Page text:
JULY 2012: There’s a growing trend called Shadow IT — it sounds ominous, and it can be for some companies. Gartner, the top IT research and advisory firm, warns about companies neglecting to change with the times, and some IT security experts are deeply concerned about slippery slopes and points of no return.
Should your company be concerned? Hop on this IT advice, and check out the three steps you can take right now:
1) What is Shadow IT and why does it happen? Shadow IT is when your employees use their own devices and software for business purposes instead of using technology that’s approved and supported by your company. Employees use these work-arounds because they can be easier, are readily available and often meet immediate needs. Dropbox and personal email can look pretty good in a pinch, despite the lack of security. This is especially true if IT departments take a long time to respond to employee requests.
2) How prevalent is Shadow IT? Very. In fact, it’s inescapable. With the growth of mobile and the cloud, the genie is out of the bottle. Shadow IT is here to stay.
3) What are the risks associated with Shadow IT? Of course, any time you don’t control your company’s information — or where it is or who has access to it — your company is at risk. But with Shadow IT, the underlying belief is that external, unapproved IT sources are better able to handle employees’ needs than internal, approved IT sources. Which may often, in fact, be the case. Business owners need to come to terms with the changes brought about by sophisticated consumer technology, a mobile work force, their own aging equipment, appealing software-as-a-service options and other realities of 21st-century IT.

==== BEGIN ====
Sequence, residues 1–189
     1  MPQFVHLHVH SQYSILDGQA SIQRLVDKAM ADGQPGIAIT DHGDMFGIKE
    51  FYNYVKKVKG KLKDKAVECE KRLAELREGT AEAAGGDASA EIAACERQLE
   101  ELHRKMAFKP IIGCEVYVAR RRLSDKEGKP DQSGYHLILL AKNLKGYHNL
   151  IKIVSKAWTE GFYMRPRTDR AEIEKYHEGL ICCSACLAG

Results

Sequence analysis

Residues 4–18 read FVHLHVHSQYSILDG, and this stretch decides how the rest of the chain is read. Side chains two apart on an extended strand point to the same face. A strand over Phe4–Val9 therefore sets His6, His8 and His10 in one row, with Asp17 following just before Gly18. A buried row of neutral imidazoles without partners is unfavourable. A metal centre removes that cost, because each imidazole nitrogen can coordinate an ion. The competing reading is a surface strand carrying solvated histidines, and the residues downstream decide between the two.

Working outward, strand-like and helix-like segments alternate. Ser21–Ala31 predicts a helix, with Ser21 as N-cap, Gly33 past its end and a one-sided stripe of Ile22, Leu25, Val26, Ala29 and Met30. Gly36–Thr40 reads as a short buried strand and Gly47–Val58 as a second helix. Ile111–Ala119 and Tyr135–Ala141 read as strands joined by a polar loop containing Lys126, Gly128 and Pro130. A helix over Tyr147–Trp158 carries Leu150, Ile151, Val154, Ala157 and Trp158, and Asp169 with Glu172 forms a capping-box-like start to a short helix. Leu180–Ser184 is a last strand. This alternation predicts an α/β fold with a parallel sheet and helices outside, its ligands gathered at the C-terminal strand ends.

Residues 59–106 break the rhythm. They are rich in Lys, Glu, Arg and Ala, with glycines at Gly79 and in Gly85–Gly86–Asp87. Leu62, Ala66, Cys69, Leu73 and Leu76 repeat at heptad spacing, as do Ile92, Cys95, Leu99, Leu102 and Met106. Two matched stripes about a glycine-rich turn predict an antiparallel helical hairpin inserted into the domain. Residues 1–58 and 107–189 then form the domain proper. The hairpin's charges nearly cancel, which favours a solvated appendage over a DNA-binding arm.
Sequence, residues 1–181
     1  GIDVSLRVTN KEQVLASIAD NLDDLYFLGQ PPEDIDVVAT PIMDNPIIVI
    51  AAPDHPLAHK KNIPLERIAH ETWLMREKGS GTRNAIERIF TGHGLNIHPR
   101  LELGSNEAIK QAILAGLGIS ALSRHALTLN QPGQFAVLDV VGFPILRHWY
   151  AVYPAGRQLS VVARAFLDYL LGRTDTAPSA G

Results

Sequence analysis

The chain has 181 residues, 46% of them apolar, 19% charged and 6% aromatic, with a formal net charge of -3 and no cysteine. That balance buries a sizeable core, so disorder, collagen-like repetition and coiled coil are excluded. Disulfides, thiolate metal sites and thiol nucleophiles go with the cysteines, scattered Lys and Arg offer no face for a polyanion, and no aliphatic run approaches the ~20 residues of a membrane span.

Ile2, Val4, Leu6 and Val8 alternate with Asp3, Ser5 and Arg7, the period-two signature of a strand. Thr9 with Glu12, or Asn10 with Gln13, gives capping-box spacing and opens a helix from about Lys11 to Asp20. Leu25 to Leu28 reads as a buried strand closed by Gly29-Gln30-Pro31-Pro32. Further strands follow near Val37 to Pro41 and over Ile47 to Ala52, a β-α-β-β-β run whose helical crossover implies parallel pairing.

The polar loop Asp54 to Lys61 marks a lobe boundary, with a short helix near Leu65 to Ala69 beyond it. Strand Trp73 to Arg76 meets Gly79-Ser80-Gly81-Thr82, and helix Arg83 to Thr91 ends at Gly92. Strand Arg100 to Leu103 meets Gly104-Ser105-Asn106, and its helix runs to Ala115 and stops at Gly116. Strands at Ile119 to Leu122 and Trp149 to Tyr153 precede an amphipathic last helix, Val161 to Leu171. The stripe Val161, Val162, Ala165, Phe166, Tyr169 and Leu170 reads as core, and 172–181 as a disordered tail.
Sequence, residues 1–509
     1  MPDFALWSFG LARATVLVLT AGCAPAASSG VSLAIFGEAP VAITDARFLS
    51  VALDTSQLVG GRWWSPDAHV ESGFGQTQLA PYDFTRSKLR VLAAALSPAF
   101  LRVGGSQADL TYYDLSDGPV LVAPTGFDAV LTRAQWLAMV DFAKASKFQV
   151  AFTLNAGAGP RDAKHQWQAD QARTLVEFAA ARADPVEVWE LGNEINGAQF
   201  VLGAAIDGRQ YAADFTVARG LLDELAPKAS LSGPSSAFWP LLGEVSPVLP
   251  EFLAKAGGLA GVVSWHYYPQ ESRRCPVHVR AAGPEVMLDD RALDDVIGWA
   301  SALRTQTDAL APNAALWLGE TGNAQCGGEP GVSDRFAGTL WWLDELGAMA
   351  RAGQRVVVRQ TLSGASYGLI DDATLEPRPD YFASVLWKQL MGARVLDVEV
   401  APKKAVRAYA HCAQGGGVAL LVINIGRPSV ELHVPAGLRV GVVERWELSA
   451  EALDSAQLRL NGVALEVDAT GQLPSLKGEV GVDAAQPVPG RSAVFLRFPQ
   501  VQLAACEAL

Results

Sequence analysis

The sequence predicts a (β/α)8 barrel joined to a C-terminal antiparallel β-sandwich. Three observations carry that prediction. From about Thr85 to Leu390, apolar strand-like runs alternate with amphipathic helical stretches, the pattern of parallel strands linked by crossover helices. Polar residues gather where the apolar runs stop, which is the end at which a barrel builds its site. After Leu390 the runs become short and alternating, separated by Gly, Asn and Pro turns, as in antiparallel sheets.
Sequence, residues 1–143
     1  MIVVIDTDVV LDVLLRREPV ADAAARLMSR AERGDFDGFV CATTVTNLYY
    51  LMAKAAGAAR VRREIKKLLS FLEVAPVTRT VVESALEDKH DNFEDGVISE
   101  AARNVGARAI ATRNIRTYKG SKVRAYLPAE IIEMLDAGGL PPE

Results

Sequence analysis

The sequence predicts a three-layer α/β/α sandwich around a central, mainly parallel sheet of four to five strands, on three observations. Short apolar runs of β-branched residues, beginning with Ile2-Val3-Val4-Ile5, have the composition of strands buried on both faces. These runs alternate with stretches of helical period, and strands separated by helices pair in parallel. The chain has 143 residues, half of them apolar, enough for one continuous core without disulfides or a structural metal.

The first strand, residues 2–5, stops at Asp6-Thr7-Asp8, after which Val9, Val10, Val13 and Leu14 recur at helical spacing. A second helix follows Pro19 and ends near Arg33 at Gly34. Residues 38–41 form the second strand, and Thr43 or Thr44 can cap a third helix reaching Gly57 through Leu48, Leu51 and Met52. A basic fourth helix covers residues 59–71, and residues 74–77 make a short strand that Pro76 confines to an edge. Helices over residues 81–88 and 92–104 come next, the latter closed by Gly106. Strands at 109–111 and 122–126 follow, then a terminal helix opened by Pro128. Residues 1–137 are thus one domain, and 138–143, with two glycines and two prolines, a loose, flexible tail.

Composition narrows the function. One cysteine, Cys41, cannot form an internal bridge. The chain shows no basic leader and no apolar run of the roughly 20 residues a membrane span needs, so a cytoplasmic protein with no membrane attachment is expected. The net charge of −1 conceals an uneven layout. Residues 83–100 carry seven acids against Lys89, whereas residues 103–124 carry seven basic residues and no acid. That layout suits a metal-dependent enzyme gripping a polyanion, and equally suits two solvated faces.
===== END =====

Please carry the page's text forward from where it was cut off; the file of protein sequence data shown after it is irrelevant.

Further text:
4) What can my company do about Shadow IT? First off, don’t try to eliminate it — that’s impossible and it will only drive it further underground. Instead, take these three steps:
STEP 1: Survey your employees to see how IT can better serve them. You’ll find out about their frustrations and how much of your company’s Shadow IT revolves around consuming information versus creating or sending information.
STEP 2: Develop a Bring Your Own Device (BYOD) strategy that your employees like and that secures your data.
STEP 3: Craft robust yet reasonable policies. Your acceptable use policy and human resources policies should be clear, current and concise. Documents that are 50 pages long, outdated or filled with legalese represent the same unsuccessful approach as the cumbersome IT processes that employees want to circumvent!